- Obedience should be immediate.
- Obedience should be complete.
- Obedience should be with a joyful attitude.
I sat in the classroom staring at the board in contemplative silence. Truthfully, I wasn’t thinking about my children’s obedience. I was thinking about my own.
The standard of obedience I was to enforce for my children was much higher than the standard of obedience I typically apply to myself. When faced with the various tasks the Lord has given me for the day, I can be slow to obey. (Let me just check Facebook one more time before I write that article.) I can leave jobs incomplete. (Please don’t look in my mud room when I’m hosting a party.) And I can often approach my work with a less than joyful attitude. (God doesn’t really expect me to clean my toilet joyfully, does He?)
Let me clarify, the standard given in the class wasn’t wrong. Jesus never lowered the standard so that we could meet it. He didn’t take away the law; He fulfilled it on our behalf. We shouldn’t lower the standard for our children, nor should we fail to correct their disobedience. However, we can be considerate of their need for patience and kindness as we enforce it.
Just as Jesus sympathizes with our weaknesses, our children need our sympathy as we call them to immediate, complete, and joyful obedience. We teach the standard so our children will understand their need of grace when they inevitably come up short. It should not come as a surprise that they are slow to learn and that it takes years of careful instruction to see small steps of progress. Should I expect my six-year-old to obey in a way that I haven’t mastered at forty? Being aware of the log in my own eye as I remove the speck from my children’s spurs me to gentleness and kindness in my discipline.
Parenting our children gracefully means that we treat their sin with the same patience we’d want to receive. Can you imagine someone following you around all day to point out your faults? You just had an unkind thought. Those words you spoke at lunch were laced with gossip. You drove ten miles over the speed limit. You showed disrespect to your husband when you mentioned his faults in Bible study this morning. Wouldn’t you feel a bit undone?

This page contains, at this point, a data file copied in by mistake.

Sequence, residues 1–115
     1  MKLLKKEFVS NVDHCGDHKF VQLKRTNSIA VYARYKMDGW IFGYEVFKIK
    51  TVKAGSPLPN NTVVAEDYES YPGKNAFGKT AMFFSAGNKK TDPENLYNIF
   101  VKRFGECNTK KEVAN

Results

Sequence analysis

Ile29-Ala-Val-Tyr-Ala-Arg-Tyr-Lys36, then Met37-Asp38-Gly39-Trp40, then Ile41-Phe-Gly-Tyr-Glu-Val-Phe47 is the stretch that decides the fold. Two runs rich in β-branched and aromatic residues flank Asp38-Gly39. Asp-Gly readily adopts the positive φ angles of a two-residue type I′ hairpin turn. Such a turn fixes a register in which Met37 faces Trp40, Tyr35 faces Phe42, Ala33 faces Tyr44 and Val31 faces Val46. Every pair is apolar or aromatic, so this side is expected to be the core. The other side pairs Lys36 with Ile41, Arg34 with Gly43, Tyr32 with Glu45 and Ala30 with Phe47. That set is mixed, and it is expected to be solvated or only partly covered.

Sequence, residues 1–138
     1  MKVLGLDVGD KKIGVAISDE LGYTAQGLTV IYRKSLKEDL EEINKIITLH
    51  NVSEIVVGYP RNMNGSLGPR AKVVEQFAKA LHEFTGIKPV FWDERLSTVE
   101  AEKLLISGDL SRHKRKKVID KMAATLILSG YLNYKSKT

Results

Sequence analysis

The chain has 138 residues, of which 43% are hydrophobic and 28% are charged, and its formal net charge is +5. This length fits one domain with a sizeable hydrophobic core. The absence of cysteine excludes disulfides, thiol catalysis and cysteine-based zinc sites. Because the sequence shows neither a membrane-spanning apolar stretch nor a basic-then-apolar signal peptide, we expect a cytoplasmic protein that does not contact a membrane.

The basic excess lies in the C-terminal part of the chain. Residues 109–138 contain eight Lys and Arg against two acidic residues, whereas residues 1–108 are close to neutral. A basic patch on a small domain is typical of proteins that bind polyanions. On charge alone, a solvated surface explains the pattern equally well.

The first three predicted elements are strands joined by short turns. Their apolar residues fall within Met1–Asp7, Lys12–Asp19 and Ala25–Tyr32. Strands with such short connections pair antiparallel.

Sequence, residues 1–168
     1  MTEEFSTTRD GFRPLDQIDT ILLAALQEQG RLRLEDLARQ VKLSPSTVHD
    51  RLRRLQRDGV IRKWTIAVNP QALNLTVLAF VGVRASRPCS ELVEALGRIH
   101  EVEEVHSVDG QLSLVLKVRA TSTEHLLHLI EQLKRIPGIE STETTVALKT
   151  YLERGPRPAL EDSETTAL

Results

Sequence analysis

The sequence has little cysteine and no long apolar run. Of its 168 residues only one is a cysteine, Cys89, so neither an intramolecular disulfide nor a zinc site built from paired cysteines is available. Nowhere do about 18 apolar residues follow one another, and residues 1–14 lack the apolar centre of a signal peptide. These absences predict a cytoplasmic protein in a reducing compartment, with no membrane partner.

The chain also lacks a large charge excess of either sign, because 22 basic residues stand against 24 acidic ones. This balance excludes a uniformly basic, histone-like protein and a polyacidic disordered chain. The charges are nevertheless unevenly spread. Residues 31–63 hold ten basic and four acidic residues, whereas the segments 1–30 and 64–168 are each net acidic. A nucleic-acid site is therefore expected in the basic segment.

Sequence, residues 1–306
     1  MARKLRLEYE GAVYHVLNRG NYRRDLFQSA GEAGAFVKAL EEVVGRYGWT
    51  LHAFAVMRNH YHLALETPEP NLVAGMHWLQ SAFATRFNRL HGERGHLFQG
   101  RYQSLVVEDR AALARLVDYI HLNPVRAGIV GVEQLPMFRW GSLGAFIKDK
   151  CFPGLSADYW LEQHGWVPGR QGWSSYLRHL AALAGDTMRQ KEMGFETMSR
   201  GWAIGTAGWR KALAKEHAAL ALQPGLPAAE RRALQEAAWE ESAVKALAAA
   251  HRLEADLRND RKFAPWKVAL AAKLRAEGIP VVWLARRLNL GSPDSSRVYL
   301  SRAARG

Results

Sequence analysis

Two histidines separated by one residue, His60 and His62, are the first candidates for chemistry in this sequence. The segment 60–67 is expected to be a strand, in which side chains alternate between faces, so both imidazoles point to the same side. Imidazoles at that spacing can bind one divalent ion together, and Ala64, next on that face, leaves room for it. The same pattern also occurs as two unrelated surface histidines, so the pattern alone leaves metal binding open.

When my children come to me with splinters in their hands or feet, I always attempt to pull them out with gentleness and patience, knowing the discomfort the process brings. It requires a great deal of trust to let someone else poke around in a tender wound. In a similar way, correcting a child’s wrong behavior requires gentleness. As we dig around in the sinful places of their hearts, it’s helpful to consider how we would want someone to do the same for us. A humble perspective provides the foundation we need in order to lovingly correct our children.
Gracious parenting begins by daily recognizing our own need for grace. We must guard our hearts lest we fall into the trap of the unmerciful servant, who accepted the master’s forgiveness of his own debt, but failed to extend mercy for a much lesser offense. Considering our inability to change outside of the Spirit’s work fosters both a prayerful and patient attitude towards our children. As they struggle to obey the Biblical standards we put before them, we have the opportunity to lovingly point them to Jesus. Only by His grace can their hearts learn to joyfully proclaim, “I run in the path of your commands, for you have set my heart free” (Psalm 119:32).
This article originally appeared at crosswalk.com.
Excerpted from Walking with God in the Season of Motherhood by Melissa B. Kruger Copyright © 2015 by Melissa B. Kruger. Excerpted by permission of WaterBrook Multnomah Publishing Group, a division of Penguin Random House. All rights reserved. No part of this excerpt may be reproduced or reprinted without permission in writing from the publisher.